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spider and dragonflies...

 
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Cyberspider



Joined: 31 Oct 2008
Posts: 300
Location: Kehl/Germany

PostPosted: Wed Jan 14, 2009 11:00 am    Post subject: spider and dragonflies... Reply with quote

Hi @ all,

a spider and two dragonflies...

stretch spider
Model = Canon EOS 400D DIGITAL
Exposure Time = 1/13s
F Number = F10
ISO Speed Ratings = 200
Focal Length = 150mm
tripod + IR Shutter release + mirror lockup
Photo taking with back light (?)



family Coenagrionidae
Model = Canon EOS 400D DIGITAL
Exposure Time = 1/5s
F Number = F10
ISO Speed Ratings = 200
Focal Length = 150mm
tripod + IR Shutter release + mirror lockup


The Western Clubtail (Gomphus pulchellus)
Model = Canon EOS 400D DIGITAL
Exposure Time = 1/8s
F Number = F13
ISO Speed Ratings = 200
Focal Length = 150mm
tripod + IR Shutter release + mirror lockup
This picture is cropped

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best regards
Markus

SONY a6000, Sigma 150mm 2,8 Makro HSM, Extention Tubes, Raynox DCR-250

visit me on flickr


Last edited by Cyberspider on Wed Jan 14, 2009 1:17 pm; edited 1 time in total
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rjlittlefield
Site Admin


Joined: 01 Aug 2006
Posts: 18246
Location: Richland, Washington State, USA

PostPosted: Wed Jan 14, 2009 11:23 am    Post subject: Reply with quote

Lovely pictures, as always!
Quote:
This picture is croped (?)

The word is correct, if you mean some picture was cut away. But should be two p's in "cropped".

--Rik
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Aynia



Joined: 01 May 2008
Posts: 724
Location: Europe somewhere

PostPosted: Wed Jan 14, 2009 11:34 am    Post subject: Reply with quote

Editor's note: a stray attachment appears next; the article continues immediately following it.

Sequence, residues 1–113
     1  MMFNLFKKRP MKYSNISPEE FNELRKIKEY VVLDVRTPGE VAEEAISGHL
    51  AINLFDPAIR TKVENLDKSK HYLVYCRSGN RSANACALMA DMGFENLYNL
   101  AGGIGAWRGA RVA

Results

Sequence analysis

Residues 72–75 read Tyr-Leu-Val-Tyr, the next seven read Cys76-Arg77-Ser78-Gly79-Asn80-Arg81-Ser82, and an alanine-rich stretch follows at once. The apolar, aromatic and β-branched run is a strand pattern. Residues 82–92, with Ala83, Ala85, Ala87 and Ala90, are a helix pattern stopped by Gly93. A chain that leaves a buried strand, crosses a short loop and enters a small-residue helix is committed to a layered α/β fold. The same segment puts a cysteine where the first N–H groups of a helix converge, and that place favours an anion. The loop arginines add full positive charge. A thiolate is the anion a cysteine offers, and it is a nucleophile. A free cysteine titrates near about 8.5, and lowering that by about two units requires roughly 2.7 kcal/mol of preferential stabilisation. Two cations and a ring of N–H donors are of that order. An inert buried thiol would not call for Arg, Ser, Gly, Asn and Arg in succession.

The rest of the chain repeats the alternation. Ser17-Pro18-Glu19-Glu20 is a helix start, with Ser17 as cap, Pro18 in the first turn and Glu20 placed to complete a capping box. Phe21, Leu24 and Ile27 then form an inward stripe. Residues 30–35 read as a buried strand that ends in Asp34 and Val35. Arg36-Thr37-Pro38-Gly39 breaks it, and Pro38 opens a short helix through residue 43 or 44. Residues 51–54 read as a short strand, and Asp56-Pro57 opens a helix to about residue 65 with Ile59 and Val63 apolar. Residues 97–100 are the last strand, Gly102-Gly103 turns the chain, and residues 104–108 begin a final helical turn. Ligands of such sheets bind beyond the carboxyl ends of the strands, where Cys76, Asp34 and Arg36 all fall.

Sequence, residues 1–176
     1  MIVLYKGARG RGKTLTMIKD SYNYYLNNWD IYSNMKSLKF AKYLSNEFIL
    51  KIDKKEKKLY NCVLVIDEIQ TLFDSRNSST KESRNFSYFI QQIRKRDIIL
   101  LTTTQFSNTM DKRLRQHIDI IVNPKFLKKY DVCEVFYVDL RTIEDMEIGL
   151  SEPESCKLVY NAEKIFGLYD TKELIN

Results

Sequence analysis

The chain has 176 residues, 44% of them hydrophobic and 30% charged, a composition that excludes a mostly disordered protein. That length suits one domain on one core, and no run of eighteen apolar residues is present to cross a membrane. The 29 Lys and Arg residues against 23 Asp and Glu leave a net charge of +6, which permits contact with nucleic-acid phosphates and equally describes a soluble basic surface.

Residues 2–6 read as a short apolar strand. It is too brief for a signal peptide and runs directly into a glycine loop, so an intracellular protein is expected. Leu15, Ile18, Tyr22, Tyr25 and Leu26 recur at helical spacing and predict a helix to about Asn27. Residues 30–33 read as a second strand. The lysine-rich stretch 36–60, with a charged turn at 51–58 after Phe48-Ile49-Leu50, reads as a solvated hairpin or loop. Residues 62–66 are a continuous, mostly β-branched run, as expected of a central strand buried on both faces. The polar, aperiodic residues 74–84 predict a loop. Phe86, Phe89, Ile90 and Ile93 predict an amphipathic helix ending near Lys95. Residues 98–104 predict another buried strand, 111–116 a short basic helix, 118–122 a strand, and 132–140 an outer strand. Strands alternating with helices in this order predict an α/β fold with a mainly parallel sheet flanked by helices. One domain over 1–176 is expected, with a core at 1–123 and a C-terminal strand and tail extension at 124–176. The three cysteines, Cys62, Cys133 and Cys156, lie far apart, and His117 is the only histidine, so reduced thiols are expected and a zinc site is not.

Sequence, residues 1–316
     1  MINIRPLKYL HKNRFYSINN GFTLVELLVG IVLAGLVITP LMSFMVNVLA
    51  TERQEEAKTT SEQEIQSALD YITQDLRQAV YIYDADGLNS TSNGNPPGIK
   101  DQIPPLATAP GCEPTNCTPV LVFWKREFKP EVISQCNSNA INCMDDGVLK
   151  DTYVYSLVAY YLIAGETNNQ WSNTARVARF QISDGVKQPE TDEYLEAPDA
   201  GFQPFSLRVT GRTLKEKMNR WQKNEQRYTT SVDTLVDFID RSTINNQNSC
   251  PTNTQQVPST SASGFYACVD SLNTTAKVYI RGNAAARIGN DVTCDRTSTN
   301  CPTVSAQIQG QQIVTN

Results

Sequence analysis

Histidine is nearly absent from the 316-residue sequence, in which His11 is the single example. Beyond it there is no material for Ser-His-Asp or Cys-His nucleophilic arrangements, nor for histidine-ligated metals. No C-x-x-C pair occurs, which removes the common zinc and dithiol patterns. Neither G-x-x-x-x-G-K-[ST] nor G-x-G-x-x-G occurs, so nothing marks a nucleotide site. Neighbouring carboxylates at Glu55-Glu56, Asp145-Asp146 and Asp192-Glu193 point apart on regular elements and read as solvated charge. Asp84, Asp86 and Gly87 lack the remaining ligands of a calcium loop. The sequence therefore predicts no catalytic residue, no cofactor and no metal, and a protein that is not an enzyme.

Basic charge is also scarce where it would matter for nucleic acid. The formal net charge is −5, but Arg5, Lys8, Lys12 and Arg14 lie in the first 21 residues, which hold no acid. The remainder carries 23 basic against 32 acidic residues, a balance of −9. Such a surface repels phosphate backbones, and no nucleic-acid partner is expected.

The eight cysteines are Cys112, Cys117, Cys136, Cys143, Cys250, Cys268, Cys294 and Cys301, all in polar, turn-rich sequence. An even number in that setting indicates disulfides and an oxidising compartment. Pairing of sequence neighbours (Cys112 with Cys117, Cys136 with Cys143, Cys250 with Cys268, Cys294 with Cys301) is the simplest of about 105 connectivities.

Amazing photos! Very Happy I'm feeling very humble with all these incredible photos. Very Happy

These are like works of art.

The two dameselflies are amazing - particularly the one peeping out from behind the stem - the one on the right.
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Cyberspider



Joined: 31 Oct 2008
Posts: 300
Location: Kehl/Germany

PostPosted: Wed Jan 14, 2009 1:29 pm    Post subject: Reply with quote

rjlittlefield wrote:

The word is correct, if you mean some picture was cut away. But should be two p's in "cropped".
--Rik


oh that was a mistake because i was too quick...is this right Rik:

ratio = how a motive is ordered in the picture? (golden ratio?)
crop = which part of the picture has cut out?

Quote:
I'm feeling very humble with all these incredible photos.


i think my pictures are not perfect and I think that you can do this just well there...exercise and a lot of patience and naturally a good tripod Wink
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Markus

SONY a6000, Sigma 150mm 2,8 Makro HSM, Extention Tubes, Raynox DCR-250

visit me on flickr
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Cyclops



Joined: 05 Aug 2006
Posts: 2968
Location: North East of England

PostPosted: Wed Jan 14, 2009 2:49 pm    Post subject: Reply with quote

Aynia wrote:


The two dameselflies are amazing - particularly the one peeping out from behind the stem - the one on the right.

I agree, that is a brillaint shot of life!
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P_T



Joined: 19 Jul 2008
Posts: 461
Location: Sydney, Australia

PostPosted: Wed Jan 14, 2009 5:00 pm    Post subject: Reply with quote

Hahaha that second image is a hoot!! it's almost like a cartoon scene with 2 big eyes peeping out. Laughing
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rjlittlefield
Site Admin


Joined: 01 Aug 2006
Posts: 18246
Location: Richland, Washington State, USA